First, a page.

Schwarzenegger and Stern hail solar’s role in turning tide of climate apathy

  • Arnold Schwarzenegger.
    Former California governor Arnold Schwarzenegger is a firm advocate of solar energy.

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Ben Willis
Ben Willis
Ben Willis is head of content at Solar Media

If the global solar industry was looking for ambassadors, it may just have found two – one in the form of former California governor and Hollywood action man Arnold Schwarzenegger, the other in the starkly contrasting figure of leading climate change economist Lord Stern. Both were headline speakers at an international clean-tech conference in Germany last week organised by renewable energy investment bank ThomasLloyd.

The ‘Governator’ gave a typically robust account of his achievements in power. Chief among these was his flagship California Solar Initiative (CSI), which set a goal of seeing solar panels installed on one million Californian rooftops.

It was an inevitable success for Schwarzenegger to point to – a high profile initiative that, whatever your feelings for the former Terminator actor, has brought solar firmly into the mainstream in California.

But Schwarzenegger’s aim in trumpeting the initiative was not purely self-congratulatory, and it served to illustrate a wider point.

While the international community lurches year after year from one frustrating and fruitless round of climate talks to another, Schwarzenegger said that initiatives such as the CSI demonstrate that the world need not to wait for a new international treaty – the almost mythical Kyoto 2 – to begin to take positive action on climate change.

“I hope there’s an international agreement or Kyoto 2; I love sequels,” he quipped. “But there isn’t just one path to a green energy future; there are many roads to take us there. I believe we must move forward at a sub-national level – in the states, the provinces, the cities, private sector, academic, non-profit and ordinary folks. We should be defined by our movement, not by our hesitation.”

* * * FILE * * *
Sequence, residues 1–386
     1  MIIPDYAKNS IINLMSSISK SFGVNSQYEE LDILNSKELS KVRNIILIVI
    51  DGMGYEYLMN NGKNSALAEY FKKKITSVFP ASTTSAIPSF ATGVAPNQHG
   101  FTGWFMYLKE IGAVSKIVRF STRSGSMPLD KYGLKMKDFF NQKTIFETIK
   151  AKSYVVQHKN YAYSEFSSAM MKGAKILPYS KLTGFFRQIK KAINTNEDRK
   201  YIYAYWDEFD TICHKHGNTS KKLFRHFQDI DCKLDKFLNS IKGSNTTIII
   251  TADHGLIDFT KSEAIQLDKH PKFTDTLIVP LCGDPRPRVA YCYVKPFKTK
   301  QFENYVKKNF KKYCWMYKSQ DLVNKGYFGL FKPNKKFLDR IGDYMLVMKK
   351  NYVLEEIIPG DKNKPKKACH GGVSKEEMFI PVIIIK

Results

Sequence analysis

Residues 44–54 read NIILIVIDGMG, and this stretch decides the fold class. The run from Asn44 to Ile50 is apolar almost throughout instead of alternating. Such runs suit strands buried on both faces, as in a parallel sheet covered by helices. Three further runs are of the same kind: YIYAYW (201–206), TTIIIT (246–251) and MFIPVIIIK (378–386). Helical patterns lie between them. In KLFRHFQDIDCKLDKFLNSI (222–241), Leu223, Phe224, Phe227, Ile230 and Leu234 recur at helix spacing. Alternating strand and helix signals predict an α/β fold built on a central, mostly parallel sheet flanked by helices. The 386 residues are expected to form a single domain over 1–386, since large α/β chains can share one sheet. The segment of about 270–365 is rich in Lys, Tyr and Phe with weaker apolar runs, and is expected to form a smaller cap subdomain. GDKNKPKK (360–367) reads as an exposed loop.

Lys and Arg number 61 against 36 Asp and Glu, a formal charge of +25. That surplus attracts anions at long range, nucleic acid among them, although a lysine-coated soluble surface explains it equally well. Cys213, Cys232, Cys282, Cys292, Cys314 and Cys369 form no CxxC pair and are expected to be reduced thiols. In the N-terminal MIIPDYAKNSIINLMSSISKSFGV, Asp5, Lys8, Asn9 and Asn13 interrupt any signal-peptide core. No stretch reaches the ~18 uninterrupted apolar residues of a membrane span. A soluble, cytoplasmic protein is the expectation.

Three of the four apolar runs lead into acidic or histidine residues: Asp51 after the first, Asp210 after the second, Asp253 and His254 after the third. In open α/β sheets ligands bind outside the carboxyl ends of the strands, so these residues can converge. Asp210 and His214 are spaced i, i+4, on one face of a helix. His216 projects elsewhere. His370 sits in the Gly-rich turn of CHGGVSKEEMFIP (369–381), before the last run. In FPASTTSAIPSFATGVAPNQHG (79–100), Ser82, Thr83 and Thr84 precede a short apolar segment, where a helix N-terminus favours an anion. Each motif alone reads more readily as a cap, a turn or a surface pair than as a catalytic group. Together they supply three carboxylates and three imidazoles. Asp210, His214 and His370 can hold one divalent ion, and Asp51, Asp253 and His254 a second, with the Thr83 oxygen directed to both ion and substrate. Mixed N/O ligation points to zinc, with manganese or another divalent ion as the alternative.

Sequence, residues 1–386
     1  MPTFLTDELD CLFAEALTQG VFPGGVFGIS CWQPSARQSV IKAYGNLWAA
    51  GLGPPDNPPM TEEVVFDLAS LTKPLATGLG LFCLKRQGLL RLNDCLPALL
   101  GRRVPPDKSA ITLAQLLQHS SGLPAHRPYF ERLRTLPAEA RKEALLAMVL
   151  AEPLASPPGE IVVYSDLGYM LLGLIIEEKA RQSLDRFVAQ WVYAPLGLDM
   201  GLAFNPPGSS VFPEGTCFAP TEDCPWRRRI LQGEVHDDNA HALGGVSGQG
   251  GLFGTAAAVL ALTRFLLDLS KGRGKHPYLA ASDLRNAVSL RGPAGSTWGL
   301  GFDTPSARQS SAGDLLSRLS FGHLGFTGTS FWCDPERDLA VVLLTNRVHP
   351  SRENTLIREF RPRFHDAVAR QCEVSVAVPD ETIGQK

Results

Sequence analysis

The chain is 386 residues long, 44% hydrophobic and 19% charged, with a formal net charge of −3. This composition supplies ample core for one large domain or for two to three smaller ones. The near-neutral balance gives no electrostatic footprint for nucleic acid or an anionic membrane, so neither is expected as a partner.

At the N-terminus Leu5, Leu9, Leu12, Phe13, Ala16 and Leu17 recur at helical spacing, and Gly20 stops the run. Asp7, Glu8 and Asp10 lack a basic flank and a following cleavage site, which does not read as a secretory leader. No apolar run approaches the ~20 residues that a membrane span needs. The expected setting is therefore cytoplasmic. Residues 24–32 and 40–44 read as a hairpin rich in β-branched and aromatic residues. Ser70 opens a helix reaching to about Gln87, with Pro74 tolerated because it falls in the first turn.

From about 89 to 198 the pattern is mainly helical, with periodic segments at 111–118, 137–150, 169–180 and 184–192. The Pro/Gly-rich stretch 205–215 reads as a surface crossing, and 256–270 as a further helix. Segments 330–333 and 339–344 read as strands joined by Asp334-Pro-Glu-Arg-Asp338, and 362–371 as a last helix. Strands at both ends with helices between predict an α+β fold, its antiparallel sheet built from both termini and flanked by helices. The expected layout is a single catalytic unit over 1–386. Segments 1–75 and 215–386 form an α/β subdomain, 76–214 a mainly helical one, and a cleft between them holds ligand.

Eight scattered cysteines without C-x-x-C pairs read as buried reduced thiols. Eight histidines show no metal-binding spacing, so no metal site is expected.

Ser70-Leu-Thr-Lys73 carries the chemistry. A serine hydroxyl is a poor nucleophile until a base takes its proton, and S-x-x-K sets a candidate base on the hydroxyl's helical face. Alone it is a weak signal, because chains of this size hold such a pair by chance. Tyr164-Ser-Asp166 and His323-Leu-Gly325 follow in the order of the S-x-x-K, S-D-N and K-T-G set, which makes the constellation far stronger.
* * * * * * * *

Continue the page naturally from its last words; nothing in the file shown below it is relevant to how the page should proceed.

His words will no doubt have particular resonance in the US, where the domestic solar industry is waiting with eager anticipation to see what a second term for President Obama will bring on climate change and the advancement of America’s clean-tech industry.

Schwarzenegger pulled few punches in his assessment of the leadership shown by Washington in these spheres, denouncing as “pitiful” the fact that there is no national energy policy in the US. But for Obama he reserved some slightly warmer words – despite the pair’s partisan divisions.

“I’m a Republican, so I’m not here to promote the Democrats,” Schwarzenegger said. “But President Obama has made all the effort he can make to go in the right direction. He’s done a terrific job of protecting the environment, but he needs a dancing partner. It takes two to tango; he can’t be out there on his own.”

This last point was a swipe at Congress, whose “bickering” Schwarzenegger blamed for much of the national inaction in shifting towards low carbon forms for energy. Indeed another of Schwarzenegger’s big themes revolved around the need to remove the environment and clean-tech from the partisan horse trading of national politics.

“I’m an optimist and very hopeful [Congress will agree action on climate change]. There are a lot of smart people in Washington, but it’s just getting over that hump in ideology,” he said.